Gina Florio
March 02, 2017 6:32 pm

On the latest cover of Vanity Fair, Emma Watson wears a romantic white gown with a fresh, serene face, and the words “Not your mother’s Disney princess” appear under her name. Her upcoming role in Beauty and the Beast, which premieres on March 17, has garnered her a lot of attention lately, the majority of which has been positive. This particular magazine photo shoot has ruffled some feathers, though, all because one of the photos features Emma sans bra. If you’re scratching your head thinking “so what?” then we’re right there with you.

It’s 2017 and you’d think successful women like Emma, who is a U.N. Women Goodwill Ambassador, wouldn’t have to deal with this kind of nonsense, but alas. Some people are upset about Emma’s fashion choices in the Vanity Fair spread, and they’re even calling her a “hypocritical” feminist. First, take a look at the pics and decide for yourself.

Okay, we need to get the obvious out of the way. She looks stunning and angelic in the all-white ensembles by Burberry and Oscar de la Renta. Her makeup is minimal, so you can see the soft freckles on her fair skin, and her hair has been swept back in glamorous waves, reminding us of old Hollywood.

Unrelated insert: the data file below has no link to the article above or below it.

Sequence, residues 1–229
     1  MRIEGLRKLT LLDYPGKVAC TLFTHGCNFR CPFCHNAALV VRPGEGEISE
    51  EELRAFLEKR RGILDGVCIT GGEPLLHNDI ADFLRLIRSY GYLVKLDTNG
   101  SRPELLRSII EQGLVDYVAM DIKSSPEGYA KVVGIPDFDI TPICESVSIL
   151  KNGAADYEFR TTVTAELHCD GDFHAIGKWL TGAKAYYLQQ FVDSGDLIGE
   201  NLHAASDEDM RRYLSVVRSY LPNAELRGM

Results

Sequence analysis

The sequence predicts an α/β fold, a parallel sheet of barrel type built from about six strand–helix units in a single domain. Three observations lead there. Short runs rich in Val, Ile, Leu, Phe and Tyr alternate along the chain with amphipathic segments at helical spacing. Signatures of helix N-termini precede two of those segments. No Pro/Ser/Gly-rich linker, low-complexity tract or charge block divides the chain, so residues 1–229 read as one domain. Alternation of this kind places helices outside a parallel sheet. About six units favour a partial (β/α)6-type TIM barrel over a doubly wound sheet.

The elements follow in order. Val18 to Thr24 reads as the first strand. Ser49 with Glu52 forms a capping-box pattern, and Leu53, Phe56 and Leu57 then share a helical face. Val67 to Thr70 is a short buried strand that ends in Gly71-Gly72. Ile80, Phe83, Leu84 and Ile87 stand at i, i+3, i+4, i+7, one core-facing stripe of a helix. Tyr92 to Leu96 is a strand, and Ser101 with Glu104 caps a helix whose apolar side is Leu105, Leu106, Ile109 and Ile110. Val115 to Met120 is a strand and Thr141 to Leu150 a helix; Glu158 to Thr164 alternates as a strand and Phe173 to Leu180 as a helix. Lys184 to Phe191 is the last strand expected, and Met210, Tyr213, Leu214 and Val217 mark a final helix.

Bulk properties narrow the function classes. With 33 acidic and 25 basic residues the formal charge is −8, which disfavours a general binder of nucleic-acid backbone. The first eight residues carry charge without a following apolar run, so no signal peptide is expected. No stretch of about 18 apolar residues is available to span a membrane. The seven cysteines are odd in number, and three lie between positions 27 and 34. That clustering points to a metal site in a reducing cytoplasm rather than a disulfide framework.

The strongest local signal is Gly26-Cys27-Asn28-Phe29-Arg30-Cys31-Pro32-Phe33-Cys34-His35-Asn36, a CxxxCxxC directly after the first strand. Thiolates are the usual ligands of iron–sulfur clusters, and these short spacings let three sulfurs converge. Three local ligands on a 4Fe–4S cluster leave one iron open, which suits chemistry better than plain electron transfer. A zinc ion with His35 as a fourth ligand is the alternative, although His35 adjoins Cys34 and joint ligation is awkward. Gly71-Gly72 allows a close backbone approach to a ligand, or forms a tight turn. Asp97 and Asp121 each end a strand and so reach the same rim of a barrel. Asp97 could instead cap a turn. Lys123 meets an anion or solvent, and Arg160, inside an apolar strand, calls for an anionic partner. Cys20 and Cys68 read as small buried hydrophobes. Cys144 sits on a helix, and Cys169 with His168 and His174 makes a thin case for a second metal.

Now to the matter at hand. In the second photo, Emma is wearing a dress that shows part of her breasts. Some people are calling this a “topless” photo that goes against everything Emma stands for. Heaven forbid a woman choose to show some of her own cleavage for once. Radio presenter Julia Hartley-Brewer posted a picture on Twitter with the mock title “Beauty and the breasts” and scolded Emma for not being a serious enough feminist.

Other people chimed in to agree with Julia, but for every accusatory tweet there was an uplifting one from fans that appreciate Emma as both an artist and as a feminist. Because you can show whatever part of your body you want and still fight for equal rights for women everywhere.

We’re sure Emma won’t be phased by the haters, because judging by her interview with Vanity Fair (which is what everyone should actually be paying attention to), she has grown a hell of a lot since her role in Beauty and the Beast.

“I couldn’t care less if I won an Oscar or not if the movie didn’t say something that I felt was important for people to hear,” she told Derek Blasburg. She also said that after she finished the film, she felt like she “made that transition into being a woman on-screen.”

It sounds to us like Emma doesn’t need to change a single thing about herself.

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